Nutrition and Exercise- Why Your Food Matters

Author: Jess Parker, a run+lifting coach teaching runners to lift and run with confidence and clarity.

What we eat -- and therefore, the nutrition we consume -- absolutely affects how we feel, overall, and more specifically has direct impacts on exercise performance. For example, with too little food, energy required for working out will be lacking. But also, large or heavy meals can make us feel sluggish.

As a coach of both strength and endurance athletes, I see how intertwined both nutrition and exercise are on a daily basis. The importance of adequate carbohydrates, protein, good fats, and a focus on balanced and good nutrition, in general, can’t be stressed enough.

Good Nutrition

“Good nutrition.” What does it even mean? Sometimes, when defining something, it can be helpful to clarify what something is not. For example, good nutrition is not a fad diet, food restriction, or constantly labeling foods as ‘good’ or ‘bad.’

In practice, consuming good nutrition allows you to eat what you want, in moderation. It’s about learning to look at and understand the nutritional density of the food you consume.

It also means prioritizing whole foods, like fruits, and veggies, whole grains, and lean and plant-based proteins in your daily diet, but still sometimes eating that cookie -- simply because it’s delicious!. Good nutrition means recognizing that your ‘engines’ -- physical, mental, energetic -- run better when you fuel them with nutrient- rich and nutrient-dense foods, and that you tend to feel less energetic and perform not as well when you eat foods with less nutrition.


One helpful framework for thinking about nutrition holistically is through the lens of what are called macronutrients. The three primary categories of macronutrients are carbohydrates, protein, and fats -- all of which contain calories. Carbohydrates are the most readily-available form of fuel for your body. A few nutritious sources of carbohydrates are: fruits, vegetables, oatmeal, brown rice, and whole grain pasta. If carbohydrates are readily-available fuel, think of protein as containing the building blocks your body needs to remain strong and build additional strength over time. For example, protein is necessary for building and repairing muscle fibers broken down in daily-life activities, and especially, during physical exercise. Finally, there are multiple kinds of fats, but for our purposes here, good fats lubricate joints and contribute to healthy brain function.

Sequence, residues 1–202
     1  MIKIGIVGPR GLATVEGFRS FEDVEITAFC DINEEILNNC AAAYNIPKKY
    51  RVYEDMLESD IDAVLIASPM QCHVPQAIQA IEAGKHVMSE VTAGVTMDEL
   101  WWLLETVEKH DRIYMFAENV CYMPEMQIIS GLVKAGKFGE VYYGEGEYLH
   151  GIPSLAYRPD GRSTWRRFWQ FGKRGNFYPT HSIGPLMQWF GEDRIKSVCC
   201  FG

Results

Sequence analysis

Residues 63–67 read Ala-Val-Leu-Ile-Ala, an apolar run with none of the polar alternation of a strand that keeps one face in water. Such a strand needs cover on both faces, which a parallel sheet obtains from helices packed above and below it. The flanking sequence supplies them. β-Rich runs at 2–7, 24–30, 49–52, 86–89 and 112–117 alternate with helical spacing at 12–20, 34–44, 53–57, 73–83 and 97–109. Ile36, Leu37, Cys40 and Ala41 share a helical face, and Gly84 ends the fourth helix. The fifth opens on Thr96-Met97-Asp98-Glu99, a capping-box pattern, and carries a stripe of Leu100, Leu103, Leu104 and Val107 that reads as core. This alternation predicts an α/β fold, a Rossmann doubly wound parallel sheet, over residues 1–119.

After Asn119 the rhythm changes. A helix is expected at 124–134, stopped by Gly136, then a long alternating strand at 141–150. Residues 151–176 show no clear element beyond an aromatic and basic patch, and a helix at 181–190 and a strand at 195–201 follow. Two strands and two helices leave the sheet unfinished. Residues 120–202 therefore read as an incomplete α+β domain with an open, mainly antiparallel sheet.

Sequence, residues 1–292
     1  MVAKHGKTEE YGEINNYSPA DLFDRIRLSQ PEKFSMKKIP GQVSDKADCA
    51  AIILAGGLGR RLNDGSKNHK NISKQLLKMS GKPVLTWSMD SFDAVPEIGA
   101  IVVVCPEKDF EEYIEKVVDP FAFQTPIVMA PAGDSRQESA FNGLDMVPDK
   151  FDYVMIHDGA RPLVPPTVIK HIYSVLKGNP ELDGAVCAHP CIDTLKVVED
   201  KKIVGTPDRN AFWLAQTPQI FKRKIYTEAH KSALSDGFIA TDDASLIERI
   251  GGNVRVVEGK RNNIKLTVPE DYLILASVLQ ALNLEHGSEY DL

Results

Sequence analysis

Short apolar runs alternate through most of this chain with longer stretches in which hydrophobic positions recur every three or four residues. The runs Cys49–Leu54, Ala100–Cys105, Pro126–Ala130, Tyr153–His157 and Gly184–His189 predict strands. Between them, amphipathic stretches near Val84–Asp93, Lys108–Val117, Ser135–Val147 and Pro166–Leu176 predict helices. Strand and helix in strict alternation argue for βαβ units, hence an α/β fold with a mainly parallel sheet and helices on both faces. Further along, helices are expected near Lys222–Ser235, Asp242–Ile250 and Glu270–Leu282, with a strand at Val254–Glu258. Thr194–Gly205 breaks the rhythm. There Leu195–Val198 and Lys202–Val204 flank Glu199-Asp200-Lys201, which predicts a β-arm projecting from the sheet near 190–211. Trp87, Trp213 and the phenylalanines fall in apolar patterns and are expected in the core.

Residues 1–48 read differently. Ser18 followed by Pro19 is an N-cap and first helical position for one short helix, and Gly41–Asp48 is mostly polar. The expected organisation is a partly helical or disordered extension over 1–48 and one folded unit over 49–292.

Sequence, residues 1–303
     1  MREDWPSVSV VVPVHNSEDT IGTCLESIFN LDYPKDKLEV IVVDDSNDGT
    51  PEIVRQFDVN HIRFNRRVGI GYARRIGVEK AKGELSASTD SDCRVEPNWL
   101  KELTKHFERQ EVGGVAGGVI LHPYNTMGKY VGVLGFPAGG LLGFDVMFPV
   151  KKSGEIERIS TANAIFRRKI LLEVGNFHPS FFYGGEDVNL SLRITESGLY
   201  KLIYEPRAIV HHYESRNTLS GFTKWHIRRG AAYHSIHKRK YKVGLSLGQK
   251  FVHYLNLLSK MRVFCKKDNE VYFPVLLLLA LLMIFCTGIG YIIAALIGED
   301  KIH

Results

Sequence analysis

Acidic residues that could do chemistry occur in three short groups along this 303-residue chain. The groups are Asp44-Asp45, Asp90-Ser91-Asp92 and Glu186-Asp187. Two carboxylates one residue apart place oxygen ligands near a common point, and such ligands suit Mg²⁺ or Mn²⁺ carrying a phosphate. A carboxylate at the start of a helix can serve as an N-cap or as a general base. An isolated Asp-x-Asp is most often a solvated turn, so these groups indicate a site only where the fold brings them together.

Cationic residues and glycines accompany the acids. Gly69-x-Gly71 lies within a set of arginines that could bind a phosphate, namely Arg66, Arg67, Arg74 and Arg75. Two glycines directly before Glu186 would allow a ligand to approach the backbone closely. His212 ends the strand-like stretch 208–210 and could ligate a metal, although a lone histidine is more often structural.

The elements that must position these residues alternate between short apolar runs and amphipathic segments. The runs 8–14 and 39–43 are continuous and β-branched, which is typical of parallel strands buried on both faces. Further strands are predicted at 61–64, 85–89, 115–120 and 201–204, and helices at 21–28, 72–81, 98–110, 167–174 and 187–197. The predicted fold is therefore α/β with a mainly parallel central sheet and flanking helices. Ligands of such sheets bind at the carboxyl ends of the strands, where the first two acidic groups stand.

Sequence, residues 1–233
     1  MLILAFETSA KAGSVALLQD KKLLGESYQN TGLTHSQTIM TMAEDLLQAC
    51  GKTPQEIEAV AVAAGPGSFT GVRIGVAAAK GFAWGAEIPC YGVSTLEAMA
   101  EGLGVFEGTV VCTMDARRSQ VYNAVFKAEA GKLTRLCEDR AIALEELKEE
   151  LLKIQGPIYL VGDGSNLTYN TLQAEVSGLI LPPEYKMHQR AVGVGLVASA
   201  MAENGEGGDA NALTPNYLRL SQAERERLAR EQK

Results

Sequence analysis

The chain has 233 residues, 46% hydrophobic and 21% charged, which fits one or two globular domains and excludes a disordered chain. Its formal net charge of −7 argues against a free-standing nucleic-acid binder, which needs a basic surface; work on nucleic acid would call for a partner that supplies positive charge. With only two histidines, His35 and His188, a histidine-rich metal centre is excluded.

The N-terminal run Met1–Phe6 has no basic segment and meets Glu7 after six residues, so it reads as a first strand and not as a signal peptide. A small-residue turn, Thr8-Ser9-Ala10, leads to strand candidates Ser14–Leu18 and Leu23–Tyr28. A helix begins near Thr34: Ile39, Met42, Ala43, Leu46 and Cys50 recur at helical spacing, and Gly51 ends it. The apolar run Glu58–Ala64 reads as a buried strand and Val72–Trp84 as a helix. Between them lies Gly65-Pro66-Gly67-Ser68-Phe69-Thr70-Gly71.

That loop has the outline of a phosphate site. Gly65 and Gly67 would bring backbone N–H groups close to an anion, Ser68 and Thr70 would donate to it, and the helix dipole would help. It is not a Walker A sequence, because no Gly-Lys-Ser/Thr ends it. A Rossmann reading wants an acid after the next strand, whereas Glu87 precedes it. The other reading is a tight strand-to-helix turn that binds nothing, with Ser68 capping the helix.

We all need calories from the right balance of these macronutrients, for our unique bodies, activity-levels, and lifestyles. (Please talk with a registered dietician or holistic health practitioner for help optimizing things like your individual calorie/nutrient needs!)

In summary, the foods you choose to fuel your body with can make or break your energy levels every day, as well as your exercise performance. Eating a well- balanced diet that fuels your body with nutrients from healthy, diverse sources is the best way to ensure you are living your best life.

You can get adequate carbohydrates, protein, and good fats into your diet in many ways, but one way I make that happen -- using Take Two Barleymilk -- is through a post-workout smoothie. Smoothies are a great on-the-go way of feeding our bodies a combination of macronutrients after a cardio workout or lifting session. It’s also a way to sneak in some veggies without tasting them!

Here’s a go- to recipe I love that keeps me energized long after a great workout:


  • 8 oz. Take Two Barleymilk, of choice (my favorite is the Chef’s Blend or Chocolate)
  • 1 scoop protein powder, of choice
  • ½ banana (or a whole one for extra creaminess)
  • 2 handfuls fresh spinach (or greens of choice)
  • ¾ - 1 cup frozen berries (or fruit of choice)


  • Add ingredients to blender and blend until smooth
  • If you’re a chocolate-lover, use a plant-based chocolate protein powder and add a tablespoon of pure, unsweetened cocoa powder.

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